Districts serving low-income students and students of color receive far less funding than those serving white and more affluent students. And despite widespread attention to inequitable funding formulas — and courts that have declared them unlawful for shortchanging school districts serving large percentages of low-income students — too many states continue this unfair practice, according to a new state-by-state report and online data tool released by The Education Trust.
The report, Funding Gaps 2015, finds that U.S. school districts serving the largest populations of low-income students receive roughly $1,200, or 10 percent, less per student in state and local funding than the lowest poverty districts. These gaps add up. For a middle school with 500 students, a gap of $1,200 per student means a shortage of $600,000 per year. For a 1,000-student high school, it means a whopping $1.2 million per year in missing resources.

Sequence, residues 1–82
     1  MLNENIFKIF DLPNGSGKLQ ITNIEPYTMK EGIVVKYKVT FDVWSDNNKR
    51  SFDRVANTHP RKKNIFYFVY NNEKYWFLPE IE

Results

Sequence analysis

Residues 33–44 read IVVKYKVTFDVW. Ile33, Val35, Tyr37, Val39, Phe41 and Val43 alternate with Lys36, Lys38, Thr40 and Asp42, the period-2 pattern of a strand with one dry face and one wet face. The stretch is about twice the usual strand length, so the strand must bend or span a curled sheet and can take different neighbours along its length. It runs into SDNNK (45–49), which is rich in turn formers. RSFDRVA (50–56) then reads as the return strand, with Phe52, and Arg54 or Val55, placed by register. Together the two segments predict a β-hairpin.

"Our data show that the students needing the most supports are given the least," said Natasha Ushomirsky, K-12 senior data and policy analyst and co-author of the report. "As conversations on how to improve achievement for our nation's youth, particularly those who start school academically behind, are hotly debated in statehouses across the nation, closing long-standing funding gaps must be addressed. While money isn't the only thing that matters for student success, it most certainly matters. Districts with more resources can, for example, use those funds to attract stronger teachers and principals and to offer students more academic support."
Ed Trust analyzed the most up-to-date national data sources available to examine the state of funding equity across the U.S. and within each state. The report looks at revenues from state and local sources only, excluding federal funds since those dollars are ntended — and targeted — to provide supplemental services to traditionally underserved groups. This report focuses on how states allocate the resources that originate from their coffers. The analysis shows great variation among states in terms of their funding patterns. Illinois, with the largest funding gap in the nation, stands out for its unfairness. The highest poverty districts in the state get nearly 20 percent less per student than the lowest poverty districts. Following Illinois with the largest funding gaps are New York (with a 10 percent gap), Pennsylvania (8 percent), Texas (7 percent), Maryland (7 percent) and Michigan (6 percent). •